August 18.—At one o’clock this morning I was roused by several detonations.
“Has Back Cup been attacked?” was my first thought. “Has the schooner excited suspicion, and been chased to the entrance to the passes? Is the island being bombarded with a view to its destruction? Has justice at last overtaken these evil-doers ere Thomas Roch has been able to complete the manufacture of his explosive, and before the autopropulsive engine could be fetched from the continent?”
The detonations, which are very violent, continue, succeeding each other at regular intervals, and it occurs to me that if the schooner has been destroyed, all communication with the bases of supply being impossible, Back Cup cannot be provisioned.
It is true the tug would be able to land the Count d’Artigas somewhere on the American coast where, money being no object, he could easily buy or order another vessel. But no matter. If Back Cup is only destroyed before Ker Karraje has Roch’s fulgurator at his disposal I shall render thanks to heaven.
A few hours later, at the usual time, I quit my cell. All is quiet at the Beehive. The men are going about their business as usual. The tug is moored near the jetty. Thomas Roch is going to his laboratory, and Ker Karraje and Engineer Serko are tranquilly pacing backwards and forwards by the lake and chatting. The island therefore could not have been attacked during the night. Yet I was awakened by the report of cannon, this I will swear.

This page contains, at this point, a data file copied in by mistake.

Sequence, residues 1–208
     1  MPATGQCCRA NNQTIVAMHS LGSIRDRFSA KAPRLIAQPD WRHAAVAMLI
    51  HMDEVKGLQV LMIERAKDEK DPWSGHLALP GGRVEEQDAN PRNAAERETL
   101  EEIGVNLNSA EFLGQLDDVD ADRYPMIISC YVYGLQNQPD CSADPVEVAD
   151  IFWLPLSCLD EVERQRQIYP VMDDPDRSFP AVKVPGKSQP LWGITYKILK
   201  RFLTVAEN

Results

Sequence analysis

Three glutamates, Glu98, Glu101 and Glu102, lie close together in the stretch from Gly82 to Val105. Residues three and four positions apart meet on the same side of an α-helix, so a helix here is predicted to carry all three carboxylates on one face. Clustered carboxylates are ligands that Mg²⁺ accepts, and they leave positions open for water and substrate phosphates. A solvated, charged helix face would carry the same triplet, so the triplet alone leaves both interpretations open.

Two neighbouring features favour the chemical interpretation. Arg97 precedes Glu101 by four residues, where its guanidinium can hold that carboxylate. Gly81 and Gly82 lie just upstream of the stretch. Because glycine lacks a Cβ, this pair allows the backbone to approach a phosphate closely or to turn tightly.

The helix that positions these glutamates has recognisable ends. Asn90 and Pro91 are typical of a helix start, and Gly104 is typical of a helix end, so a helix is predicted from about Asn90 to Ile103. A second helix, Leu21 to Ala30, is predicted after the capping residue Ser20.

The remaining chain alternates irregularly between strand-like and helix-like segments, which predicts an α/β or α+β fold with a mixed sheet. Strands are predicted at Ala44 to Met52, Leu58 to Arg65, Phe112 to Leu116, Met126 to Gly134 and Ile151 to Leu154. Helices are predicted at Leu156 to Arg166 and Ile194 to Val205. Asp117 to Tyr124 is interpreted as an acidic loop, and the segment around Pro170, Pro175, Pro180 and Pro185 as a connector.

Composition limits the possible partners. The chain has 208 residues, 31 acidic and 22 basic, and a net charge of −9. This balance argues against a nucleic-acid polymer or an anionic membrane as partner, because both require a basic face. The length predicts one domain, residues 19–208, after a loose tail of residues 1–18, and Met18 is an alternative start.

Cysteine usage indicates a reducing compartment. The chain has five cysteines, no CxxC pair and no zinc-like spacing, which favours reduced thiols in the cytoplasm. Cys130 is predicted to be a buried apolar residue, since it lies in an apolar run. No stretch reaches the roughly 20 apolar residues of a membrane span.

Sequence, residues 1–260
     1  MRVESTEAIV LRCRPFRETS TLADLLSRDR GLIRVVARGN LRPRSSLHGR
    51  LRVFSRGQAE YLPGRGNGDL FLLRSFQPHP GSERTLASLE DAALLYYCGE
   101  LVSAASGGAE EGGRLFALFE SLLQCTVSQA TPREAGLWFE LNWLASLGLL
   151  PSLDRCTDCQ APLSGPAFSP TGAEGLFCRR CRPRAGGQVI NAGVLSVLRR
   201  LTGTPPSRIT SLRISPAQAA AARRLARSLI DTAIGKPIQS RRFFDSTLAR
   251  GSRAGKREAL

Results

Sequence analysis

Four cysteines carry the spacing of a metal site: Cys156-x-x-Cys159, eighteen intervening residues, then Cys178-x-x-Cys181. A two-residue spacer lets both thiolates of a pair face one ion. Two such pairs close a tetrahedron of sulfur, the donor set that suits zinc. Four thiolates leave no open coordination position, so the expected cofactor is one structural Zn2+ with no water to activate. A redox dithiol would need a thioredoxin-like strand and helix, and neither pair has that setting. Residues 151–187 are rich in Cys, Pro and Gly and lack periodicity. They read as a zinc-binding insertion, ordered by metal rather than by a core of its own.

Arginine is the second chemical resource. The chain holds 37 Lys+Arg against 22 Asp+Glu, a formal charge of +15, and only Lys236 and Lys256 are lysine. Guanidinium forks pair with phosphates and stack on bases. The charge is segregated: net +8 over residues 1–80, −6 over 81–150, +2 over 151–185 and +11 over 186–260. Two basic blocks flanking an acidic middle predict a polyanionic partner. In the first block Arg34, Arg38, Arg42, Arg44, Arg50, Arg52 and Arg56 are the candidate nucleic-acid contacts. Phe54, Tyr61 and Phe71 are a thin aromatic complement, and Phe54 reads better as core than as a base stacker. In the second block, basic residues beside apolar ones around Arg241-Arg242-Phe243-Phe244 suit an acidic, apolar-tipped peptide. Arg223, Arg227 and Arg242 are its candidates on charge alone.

At this moment Ker Karraje goes off towards his abode and Engineer Serko, smilingly ironical, as usual, advances to meet me.
“Well, Mr. Simon Hart,” he says, “are you getting accustomed to your tranquil existence? Do you appreciate at their just merit the advantages of this enchanted grotto? Have you given up all hope of recovering your liberty some day or other?”
What is the use of waxing wroth with this jester? I reply calmly:
“No, sir. I have not given up hope, and I still expect that I shall be released.”
“What! Mr. Hart, separate ourselves from a man whom we all esteem—and I from a colleague who perhaps, in the course of Thomas Roch’s fits of delirium, has learned some of his secrets? You are not serious!”
So this is why they are keeping me a prisoner in Back Cup! They suppose that I am in part familiar with Koch’s invention, and they hope to force me to tell what I know if Thomas Koch refuses to give up his secret. This is the reason why I was kidnapped with him, and why I have not been accommodated with an involuntary plunge in the lagoon with a stone fastened to my neck. I see it all now, and it is just as well to know it.
“Very serious,” I affirm, in response to the last remark of my interlocutor.
“Well,” he continues, “if I had the honor to be Simon Hart, the engineer, I should reason as follows: ’Given, on the one hand, the personality of Ker Karraje, the reasons which incited him to select such a mysterious retreat as this cavern, the necessity of the said cavern being kept from any attempt to discover it, not only in the interest of the Count d’Artigas, but in that of his companions—’”